STA, 9 August 2022 - Public broadcaster TV Slovenija has reported of yet another grave case of exploitation of foreign workers in Slovenia. Indian workers were reportedly forced to work 60-hour weeks at a Ljubljana car wash for less than the minimum wage after having their passports taken away. Amonte, the company operating the car wash, has denied the allegations.
TV Slovenija reported on Tuesday that the group of Indians ran away from the Avtostop car wash, located near the BTC shopping district, because of grave threats levelled at them by the employer.
Two of them turned for help to Delavska Svetovalnica, an NGO specialising in the rights of migrant workers.
The 12 men were staying on the premises of the employer and one of them has said that assistant director of the company would come to their bedrooms drunk at night.
He allegedly threatened the workers that their employer knew national and local politicians and had connections in the police and the military.
The Financial Administration, the Labour Inspectorate and the police conducted separate oversight visits at the firm in July, TV Slovenia said, adding that the procedures were still ongoing.
The day before the Labour Inspectorate visited the company, the men were given back their passports, after which they were taken away from them once again. The frightened workers then called the police.
Goran Lukić of Delavska Svetovalnica said that "the employer is obviously in the know about potential oversight visits".
Amonte director Semir Hajdarpašić meanwhile rejected the allegations, but refused to appear on camera. He believes this is an attempt at blackmail.
The workers had been complaining about work conditions from the beginning, had demanded higher pay and then disappeared, he said. He also believes the workers used his company to continue their way to Northern Europe.
The report comes just two months after modern slavery reports at two fish-packing companies employing foreign workers.
STA, 9 August 2022 - Ljubljana Mayor Zoran Janković has promised the residents they will be kept warm this winter despite the energy crisis. Coal reserves are sufficient to provide district heating to nearly half of all homes and there will be enough natural gas, but the question is at what price gas will be available.
Speaking at his weekly press conference on Tuesday, Janković said that some 61,000 apartments or 48% of all in the capital city are served by district heating. "We've got sufficient energy sources for the hot water pipeline throughout the heating season, even if it's cold from October to May," he said.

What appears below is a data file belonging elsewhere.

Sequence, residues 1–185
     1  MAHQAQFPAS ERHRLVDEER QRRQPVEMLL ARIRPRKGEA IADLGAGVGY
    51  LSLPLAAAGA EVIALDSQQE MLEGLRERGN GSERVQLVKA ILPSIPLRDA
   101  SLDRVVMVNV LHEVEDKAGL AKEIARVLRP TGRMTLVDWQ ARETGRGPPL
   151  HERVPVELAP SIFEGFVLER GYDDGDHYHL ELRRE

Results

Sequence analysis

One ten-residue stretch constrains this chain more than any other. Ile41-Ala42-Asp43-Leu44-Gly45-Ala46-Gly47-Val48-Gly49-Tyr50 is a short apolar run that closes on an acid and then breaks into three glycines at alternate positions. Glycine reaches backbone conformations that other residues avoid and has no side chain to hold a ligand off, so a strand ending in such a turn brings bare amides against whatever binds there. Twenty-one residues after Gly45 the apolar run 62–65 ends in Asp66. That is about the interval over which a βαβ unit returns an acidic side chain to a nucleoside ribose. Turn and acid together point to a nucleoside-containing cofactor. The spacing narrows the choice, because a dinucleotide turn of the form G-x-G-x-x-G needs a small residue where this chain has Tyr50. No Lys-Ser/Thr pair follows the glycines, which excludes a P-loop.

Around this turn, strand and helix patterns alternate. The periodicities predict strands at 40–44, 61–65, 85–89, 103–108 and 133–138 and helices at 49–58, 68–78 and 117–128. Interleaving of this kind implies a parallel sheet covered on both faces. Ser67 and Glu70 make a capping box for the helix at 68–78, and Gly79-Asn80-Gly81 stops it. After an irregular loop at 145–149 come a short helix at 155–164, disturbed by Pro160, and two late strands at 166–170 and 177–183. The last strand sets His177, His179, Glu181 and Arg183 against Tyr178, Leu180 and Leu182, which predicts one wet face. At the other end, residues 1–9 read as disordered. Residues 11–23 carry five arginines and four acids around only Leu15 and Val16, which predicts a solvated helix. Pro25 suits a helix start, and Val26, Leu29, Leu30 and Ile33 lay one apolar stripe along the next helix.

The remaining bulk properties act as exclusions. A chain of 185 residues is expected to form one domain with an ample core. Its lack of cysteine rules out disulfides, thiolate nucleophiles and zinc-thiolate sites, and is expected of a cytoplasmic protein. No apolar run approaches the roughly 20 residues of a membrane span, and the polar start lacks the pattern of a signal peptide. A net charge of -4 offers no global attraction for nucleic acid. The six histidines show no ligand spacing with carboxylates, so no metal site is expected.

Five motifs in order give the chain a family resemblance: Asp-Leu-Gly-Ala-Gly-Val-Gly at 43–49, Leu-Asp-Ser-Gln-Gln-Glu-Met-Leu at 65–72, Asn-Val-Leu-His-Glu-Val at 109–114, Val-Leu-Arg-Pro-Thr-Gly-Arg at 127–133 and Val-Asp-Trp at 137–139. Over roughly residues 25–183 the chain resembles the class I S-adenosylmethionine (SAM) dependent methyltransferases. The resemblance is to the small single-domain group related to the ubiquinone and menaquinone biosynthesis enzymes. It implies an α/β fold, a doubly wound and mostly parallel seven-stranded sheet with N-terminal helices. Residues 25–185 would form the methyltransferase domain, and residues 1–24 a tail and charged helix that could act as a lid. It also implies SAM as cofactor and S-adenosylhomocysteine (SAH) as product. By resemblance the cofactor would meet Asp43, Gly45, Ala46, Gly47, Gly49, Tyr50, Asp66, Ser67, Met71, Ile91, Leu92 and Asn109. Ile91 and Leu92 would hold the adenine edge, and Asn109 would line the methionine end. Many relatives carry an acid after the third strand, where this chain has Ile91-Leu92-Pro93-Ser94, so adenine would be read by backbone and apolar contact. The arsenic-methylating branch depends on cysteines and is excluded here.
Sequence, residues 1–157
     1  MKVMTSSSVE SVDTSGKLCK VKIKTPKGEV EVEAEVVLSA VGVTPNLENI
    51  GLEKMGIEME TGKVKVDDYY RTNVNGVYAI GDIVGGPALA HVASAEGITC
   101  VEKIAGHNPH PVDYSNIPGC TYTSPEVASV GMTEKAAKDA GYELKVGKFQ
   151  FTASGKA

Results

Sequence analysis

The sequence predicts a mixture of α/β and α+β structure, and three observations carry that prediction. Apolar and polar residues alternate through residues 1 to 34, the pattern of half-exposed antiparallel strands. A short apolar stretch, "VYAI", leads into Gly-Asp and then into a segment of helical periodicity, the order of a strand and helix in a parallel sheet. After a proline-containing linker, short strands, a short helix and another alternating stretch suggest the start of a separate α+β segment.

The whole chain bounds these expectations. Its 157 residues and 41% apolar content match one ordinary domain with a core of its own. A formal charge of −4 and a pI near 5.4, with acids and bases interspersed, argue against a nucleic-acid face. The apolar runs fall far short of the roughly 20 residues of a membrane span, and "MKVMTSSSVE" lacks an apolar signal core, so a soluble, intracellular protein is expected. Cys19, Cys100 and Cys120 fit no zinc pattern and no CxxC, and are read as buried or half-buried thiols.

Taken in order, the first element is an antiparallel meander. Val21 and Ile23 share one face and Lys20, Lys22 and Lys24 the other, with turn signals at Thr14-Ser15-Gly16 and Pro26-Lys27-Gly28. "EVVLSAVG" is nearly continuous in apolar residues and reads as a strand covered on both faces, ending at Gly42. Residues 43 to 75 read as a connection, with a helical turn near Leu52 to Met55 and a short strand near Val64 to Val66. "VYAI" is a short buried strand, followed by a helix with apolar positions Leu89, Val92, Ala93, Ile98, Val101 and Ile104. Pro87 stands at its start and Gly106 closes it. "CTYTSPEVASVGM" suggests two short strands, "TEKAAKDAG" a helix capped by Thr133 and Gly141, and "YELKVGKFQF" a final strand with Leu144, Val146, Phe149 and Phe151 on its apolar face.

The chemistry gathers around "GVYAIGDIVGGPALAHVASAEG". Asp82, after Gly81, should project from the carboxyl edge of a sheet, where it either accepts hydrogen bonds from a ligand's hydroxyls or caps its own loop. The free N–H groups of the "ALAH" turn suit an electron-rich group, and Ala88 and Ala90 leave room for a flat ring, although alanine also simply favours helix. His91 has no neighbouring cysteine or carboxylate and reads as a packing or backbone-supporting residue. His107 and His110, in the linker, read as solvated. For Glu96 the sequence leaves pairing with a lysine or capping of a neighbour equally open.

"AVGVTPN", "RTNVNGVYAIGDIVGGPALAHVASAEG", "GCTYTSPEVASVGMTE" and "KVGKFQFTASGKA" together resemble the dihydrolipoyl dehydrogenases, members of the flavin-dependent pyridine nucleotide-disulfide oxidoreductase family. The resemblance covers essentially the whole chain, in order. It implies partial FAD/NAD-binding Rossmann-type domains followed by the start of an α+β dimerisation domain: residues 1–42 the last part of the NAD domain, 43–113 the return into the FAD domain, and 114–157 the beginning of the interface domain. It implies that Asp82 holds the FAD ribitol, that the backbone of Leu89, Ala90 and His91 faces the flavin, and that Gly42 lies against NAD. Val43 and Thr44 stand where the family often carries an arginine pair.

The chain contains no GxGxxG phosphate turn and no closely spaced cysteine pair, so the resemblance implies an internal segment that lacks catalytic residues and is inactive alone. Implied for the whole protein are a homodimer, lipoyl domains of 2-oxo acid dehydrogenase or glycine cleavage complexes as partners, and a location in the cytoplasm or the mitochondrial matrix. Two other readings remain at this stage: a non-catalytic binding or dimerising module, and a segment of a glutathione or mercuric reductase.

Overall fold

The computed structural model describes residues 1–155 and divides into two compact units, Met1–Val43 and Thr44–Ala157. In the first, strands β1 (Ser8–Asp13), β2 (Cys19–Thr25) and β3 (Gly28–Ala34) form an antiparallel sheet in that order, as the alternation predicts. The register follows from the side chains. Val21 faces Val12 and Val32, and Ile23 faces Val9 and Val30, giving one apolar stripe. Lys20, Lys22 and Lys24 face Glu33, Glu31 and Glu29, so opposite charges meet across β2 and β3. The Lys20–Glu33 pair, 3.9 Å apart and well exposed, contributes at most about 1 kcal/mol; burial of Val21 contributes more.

The share of biomass for district heating is to be raised to 20%. There are still over a month's worth of coal reserves with a shipment of 145,000 tonnes of Indonesian coal on its way to Slovenia, plus another such to follow in January, according to the mayor.
He is planning to meet Environment Minister Uroš Brežan later this month to discuss how the financial burden of emission coupons for the use of coal could be alleviated and to determine the energy sources for district heating.
Janković hailed the government's decision to cap prices of energy products, including district heating.
One out of three households in Ljubljana uses natural gas for heating. "We absolutely have the needed quantity of gas secured," Janković said. If necessary, the use of gas will be reduced with industry rather than households. However, he also said it was too early to say how much gas will cost.
The construction of a new gas-steam unit at the Ljubljana CHP Plant is slated for completion in late September. Janković expects it will be ready for a trial start-up in October, by which time it should be clear what happens with gas supplies.
"We need 170 million cubic metres of gas for Ljubljana, which is a negligible amount relative to European consumption." At the moment, the city authorities are negotiating with three suppliers. Another option is heating oil.
The mayor reasserted his case for a waste-to-energy plant, which he said would make Ljubljana 70% self-sufficient if built in five years. "I promise that, if we get the concession, our incinerator will be the most advanced with minimum emissions and a chimney above the temperature inversion zone," he said, adding that heating for end users would be 20% lower than now.
STA, 9 August 2022 - There seems to be little interest among housing owners in renting out their property through a public rental housing service that the national Housing Fund set up this year to increase the number of flats available at not-for-profit rents. As a result, the fund has sub-rented out only six units so far.
The fund published a call for owners to join the scheme in February, after the housing act changes were passed in May 2021, and is open until the end of the year.
A total of 29 providers of housing from across the country responded until last Thursday - 27 individuals, and one municipality with two flats, the fund told the STA.
Until that day, the fund accepted six offers, but failed to find common ground with the other owners, mostly because they find the rent to be "too low".
The rent is set on the basis of parameters such as the size, age, state of repair, and fixtures and fittings, and capped at 1.3 of the non-profit rent for that apartment.
The flats, measuring 36-80 square metres, for which the contracts have been signed are located in various parts of the country, and were rented out at EUR 148-344 a month.
A 130-square-metre house near Ljubljana will meanwhile be rented out at EUR 396, the fund said.